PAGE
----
Daniel Farber

Cases against oil giants over climate change ‘credible’

Daniel Farber interviewed by Capital Public Radio, July 31, 2017

Daniel Farber says companies will try to get the cases thrown out for lack of jurisdiction. But if they move forward, it could open up new claims. “If the plaintiffs can just get to the point of discovery, that is the point where they’re entitled to get documents and to interview oil company officials, that is really a huge victory,” Farber said.

Trump can’t stop protests at his rallies, experts say

Jesse Choper and Daniel Farber quoted by San Francisco Chronicle, May 6, 2017

“If he wants to have a private talk, he ought to have it in his office,” Choper said. He said protesters can’t be allowed to “censor the speaker” by drowning Trump out with shouts, but they should at least be allowed to hold up signs — or Russian flags — as long as they can’t be converted to weapons.

Daniel Farber said he was leery about the willingness by Trump’s lawyers to condone the use of force against protesters. “The state has an interest in preventing violent acts and requiring people to use legal channels,” Farber said. “An abortion protest might violate the rights of a clinic, but that doesn’t mean the clinic people have the right to beat them up.”

Judge Neil Gorsuch: Friend or foe of the environment?

Daniel Farber quoted by Earth Island Journal, March 30, 2017

“[Gorsuch] doesn’t strike me as a bomb thrower, that he’s going to come down with some striking decisions that wreak havoc,” Farber adds. “Given that the decision was going to be made by a Republican president, I don’t think that we were going to do much better than him in terms of environmental cases, and maybe in general.”

President Trump and executive power

Daniel Farber, John Yoo, and Peter Schuck interviewed by World Affairs: Conversations that Matter, March 9, 2017

 

Farber: “The question of whether he can terminate a treaty that’s been ratified by the Senate … is a lot harder. … As a matter of U.S. law, he can do that. The international community may or may not view that as relieving us of our international obligations. That’s a separate question.”

 

Yoo: “We have to separate what’s good or bad as a matter of policy, and what’s legal. They’re different things. …The President does have the legal authority to add and subtract who he wants to be his adviser in foreign or domestic policy.”

 

Schuck: “Congress has granted the President very broad authority in the area that was impacted by the Executive Order concerning refugees—not just refugees, but anyone coming from those countries for a period of time.”

Neil Gorsuch might stand against abuse of power

Daniel Farber writes for The Daily Californian, Feb. 21, 2017

In terms of Gorsuch’s general temperament, he seems to care deeply about the importance of following the law, regardless of personal inclinations about the outcomes of cases. That respect for the law and for the role of judges is a good sign.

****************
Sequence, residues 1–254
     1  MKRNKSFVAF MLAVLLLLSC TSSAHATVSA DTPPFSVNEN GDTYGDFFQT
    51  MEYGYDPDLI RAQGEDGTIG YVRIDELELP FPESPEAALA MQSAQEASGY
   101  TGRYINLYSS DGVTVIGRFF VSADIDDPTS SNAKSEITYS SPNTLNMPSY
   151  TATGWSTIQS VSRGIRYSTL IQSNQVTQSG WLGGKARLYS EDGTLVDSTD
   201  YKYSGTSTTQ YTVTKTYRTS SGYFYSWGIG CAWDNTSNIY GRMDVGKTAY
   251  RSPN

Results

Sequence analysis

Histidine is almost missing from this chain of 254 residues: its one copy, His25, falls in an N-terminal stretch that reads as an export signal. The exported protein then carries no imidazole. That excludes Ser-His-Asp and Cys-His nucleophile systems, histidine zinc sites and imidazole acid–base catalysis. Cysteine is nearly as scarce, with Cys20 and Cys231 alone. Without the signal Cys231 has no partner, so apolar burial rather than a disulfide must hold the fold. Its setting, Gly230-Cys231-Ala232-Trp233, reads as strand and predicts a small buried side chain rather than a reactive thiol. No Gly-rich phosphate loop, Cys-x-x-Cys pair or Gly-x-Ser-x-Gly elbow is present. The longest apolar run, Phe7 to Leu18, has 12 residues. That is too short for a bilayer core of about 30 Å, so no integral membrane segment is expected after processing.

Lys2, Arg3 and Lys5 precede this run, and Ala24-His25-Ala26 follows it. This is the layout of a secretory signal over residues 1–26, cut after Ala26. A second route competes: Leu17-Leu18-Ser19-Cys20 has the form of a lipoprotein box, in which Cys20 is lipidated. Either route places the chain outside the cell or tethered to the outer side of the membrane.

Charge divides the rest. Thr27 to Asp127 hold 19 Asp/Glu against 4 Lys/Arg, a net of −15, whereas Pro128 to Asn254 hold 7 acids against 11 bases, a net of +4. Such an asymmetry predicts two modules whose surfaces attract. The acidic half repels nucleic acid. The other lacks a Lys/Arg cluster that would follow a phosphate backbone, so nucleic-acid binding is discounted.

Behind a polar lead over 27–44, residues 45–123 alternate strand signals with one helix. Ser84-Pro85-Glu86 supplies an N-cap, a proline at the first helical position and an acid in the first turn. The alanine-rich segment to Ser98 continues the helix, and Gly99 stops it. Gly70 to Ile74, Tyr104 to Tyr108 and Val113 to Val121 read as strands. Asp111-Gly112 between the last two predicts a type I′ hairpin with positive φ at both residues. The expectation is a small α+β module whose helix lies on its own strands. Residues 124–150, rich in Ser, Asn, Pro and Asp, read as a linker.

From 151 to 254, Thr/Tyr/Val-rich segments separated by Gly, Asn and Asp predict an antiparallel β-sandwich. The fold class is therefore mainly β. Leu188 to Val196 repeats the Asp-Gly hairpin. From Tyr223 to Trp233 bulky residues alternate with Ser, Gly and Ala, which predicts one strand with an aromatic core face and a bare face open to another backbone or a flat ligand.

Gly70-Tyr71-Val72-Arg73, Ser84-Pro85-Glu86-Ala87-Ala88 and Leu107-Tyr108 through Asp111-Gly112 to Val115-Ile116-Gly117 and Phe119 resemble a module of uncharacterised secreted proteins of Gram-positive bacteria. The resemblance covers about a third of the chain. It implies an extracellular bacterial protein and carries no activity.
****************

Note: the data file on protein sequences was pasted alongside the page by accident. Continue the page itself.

Senate confirms Scott Pruitt as EPA chief despite concerns

Daniel Farber interviewed by KTVU Fox 2 News, Feb. 17, 2017

“Some of those lawsuits are still out there so he’s going to be in the position of supposedly leading the agency in defending or responding to lawsuits he himself was involved in,” Farber said. Farber says as head of the EPA, Pruitt won’t be able to change the laws. “In the area of regulation, he’s very much subject to oversight by the courts,” Farber said, noting there are other ways, however, that Pruitt can scale back the EPA’s reach.

Courts should kill Trump’s pricey ‘2-for-1’ deregulation order

Dan Farber writes for The Hill, Feb. 9, 2017

The regulatory process is very elaborate, and adopting a new regulation is a very expensive, time-consuming process. This executive order effectively triples the costs, because agencies not only have to enact new regulations, but also go through equally complex proceedings to eliminate two old ones. Basically, agencies will be able to propose about a third as many new rules as before.

UC Berkeley School of Law professors hold panel on Trump’s U.S. Supreme Court nominee

John Yoo, Jesse Choper and Dan Farber quoted by The Daily Californian, Feb. 8. 2017

Yoo said Gorsuch’s past stances on religious liberty, such as in the Burwell v. Hobby Lobby Stores, Inc. case in 2014, are most likely the reason he was considered for the nomination.

“Yes, (Gorsuch) is qualified, perhaps better than any other nomination (Trump) has made to cabinet seats,” Choper said.

Gorsuch is someone who is open-minded and does not have a knee-jerk response, Farber said. He added he believes Gorsuch’s past opinions on the 10th Circuit have had a more “humane” tone than Scalia’s.

Barriers abound to Trump’s border wall

Holly Doremus, Daniel Farber, and Bill Falik quoted by California Magazine, Feb. 6, 2017

Doremus: “There’s not a lot of existing border fencing in Texas, so the wall would have to pass through a lot of private land where barriers haven’t been much of an issue until now,” she says. “And certainly, eminent domain seizures are not popular with Republicans in general and Texas Republicans in particular.”

Farber: “The wall would cost a lot, and its benefits are unclear, but the Secure Fence Act does give the administration pretty broad powers to dispense with legal requirements such as NEPA. I’d love to see it stopped, but it may be difficult.”

Falik: “It’s really expensive,” observes Bill Falik, a lecturer at Berkeley Law and a real estate developer, “and I’m not completely sure at this point that a Republican congress is going to be anxious to go along with that.” Nor is Falik convinced that federal statutes such as the Endangered Species Act and NEPA would suddenly turn the project into smoldering rubble; rather, they might inflict the death of a thousand torts.